World Cup Cook-off: Serbia and Argentina

Picture: Gigi Gonzalez

Mirjana Skulic-Nikolic and her husband, Dr Nenad Nikolic. Picture: Elaine Whitcher

There are just 19 days left before the Fifa World Cup kicks off in South Africa, and this weekend our World Cup Cook-off on The Global Table blog travels to Serbia and Argentina!

For the past few months we have been featuring delicious and easy recipes from the 32 nations to be represented in the soccer spectacle.

Our guests on the blog today are Mirjana Skulic-Nikolic and her husband, Dr Nenad Nikolic, who are originally from Novisad, a town in the Serbian province of Vojvodina, about 78km from Belgrade on the Danube River in the northern part of the country.

Mirjana is sharing her recipe for a favourite traditional dish called gibanica, a rich cheese pie made with a whopping 10 eggs, as well as cottage cheese, feta and other ingredients.

Don’t forget to scroll down for our second guest on The Global Table – Bay resident Mariela Hargreaves, who is originally from a town called Lincoln in Argentina’s Buenos Aires Province. Mariela has made a batch of empadanas – savoury mince pies that are popular in many Latin countries, including Argentina.

But first, back to the Nikolics, who were tracked down for The Global Table by former Port Elizabeth resident and friend Elaine Whitcher, who chatted to them about their home country and the culinary traditions of Serbia (Elaine also took today’s pics of the Nikolics and their delicious dish).

The civil war in Serbia was a strong motivating factor to move to South Africa – Mirjana and Nenad wanted a place that was safe and where they could raise their children in peace.

Nenad arrived in South Africa in September 1992 in December that year, Mirjana and the couple’s son and daughter joined him in Johannesburg. Mirjana, who is a professor in Yugoslavian languages, had to find a job, as Nenad was not allowed to practice until he had written an exam allowing him, as a foreign doctor, to work in this country.

Mirjana worked at the Sandton Sun as a therapist in the spa there. Both remarked how welcoming South Africa and its people were, and they are still impressed by the willingness of people to share and give of themselves.

The couple moved to the Eastern Cape in 1993 and today Nenad specialises in orthopedic surgery at Frere Hospital in East London.

Mirjana was taught to cook by her mother, who in turn had learnt from her mother.

“I am looking forward to the day that I can teach my grandchildren how to make and paint Easter eggs, as I was taught by my grandmother,” she says.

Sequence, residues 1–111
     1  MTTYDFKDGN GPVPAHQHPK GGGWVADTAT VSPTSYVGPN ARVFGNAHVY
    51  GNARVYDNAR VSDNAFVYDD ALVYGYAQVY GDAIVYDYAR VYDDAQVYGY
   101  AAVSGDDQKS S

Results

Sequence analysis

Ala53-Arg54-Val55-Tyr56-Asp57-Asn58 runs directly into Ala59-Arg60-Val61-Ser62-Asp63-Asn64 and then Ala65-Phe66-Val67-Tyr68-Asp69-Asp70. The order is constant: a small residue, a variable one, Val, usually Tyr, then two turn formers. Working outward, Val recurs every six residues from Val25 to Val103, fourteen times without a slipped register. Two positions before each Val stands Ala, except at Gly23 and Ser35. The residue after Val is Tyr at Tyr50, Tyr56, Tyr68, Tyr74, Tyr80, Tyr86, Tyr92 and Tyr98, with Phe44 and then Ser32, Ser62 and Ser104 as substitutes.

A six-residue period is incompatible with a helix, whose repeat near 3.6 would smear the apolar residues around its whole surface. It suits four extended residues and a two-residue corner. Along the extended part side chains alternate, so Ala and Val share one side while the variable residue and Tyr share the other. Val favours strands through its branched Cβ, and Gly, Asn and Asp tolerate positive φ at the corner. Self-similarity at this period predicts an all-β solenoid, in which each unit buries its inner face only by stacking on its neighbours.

Serbian food is a mixture of Greek, Mediterranean, Austrian and Hungarian influences. As in South Africa, braaiing is a favourite pastime in summer. Popular dishes include Pljeskavica, which is not unlike a hamburger patty and made with two-thirds pork and one-third beef minced with garlic and onion. Then there’s cevapcici – which again consists of minced pork, beef and peppers.  This is rolled into a sausage about the size of our pork bangers. Both are grilled and served with thinly-sliced or chopped red onion on fresh bread.

A firm winter favourite, Mirjana says, is sarma – sauerkraut leaves stuffed with spiced, minced pork cooked with smoked ribs, bacon and sausages. This is layered in a large pot and covered with sauerkraut juice, water and paprika. Mirjana says it’s even better the next day, just like a potjie or stew.

People also eat a lot of freshwater fish like carp, catfish and sturgeon.

For those with a sweet tooth, Serbian desserts and cakes are mostly influenced by Austria, for instance in the form of layered cakes with fresh fruit, cream and chocolate.

Picture: Elaine Whitcher

Gibanica or Serbian cheese pie. Picture: Elaine Whitcher

Gibanica or Serbian Cheese Pie – The Recipe

This dish is typically served on the Saint’s days and for other celebrations. It can be a starter, a main meal or even served as a savoury tart at tea.


10 eggs separated; 4 x 250g (1kg) smooth cottage cheese; ½ 400g tub feta cheese – if you want your dish to be saltier just add more feta; 1 packet phyllo pastry


Mix the yolk of the eggs and the cottage cheese in a blender or food processor. Ensure that the feta cheese is crushed fine before adding it to the mixture; blend well.

Beat the egg whites and fold them into the cheese mixture.

Now line a large, deep baking tray which has been greased with butter with about 4 layers of phyllo pastry – allow the pastry to overlap at the sides.

Spread butter on the last sheet.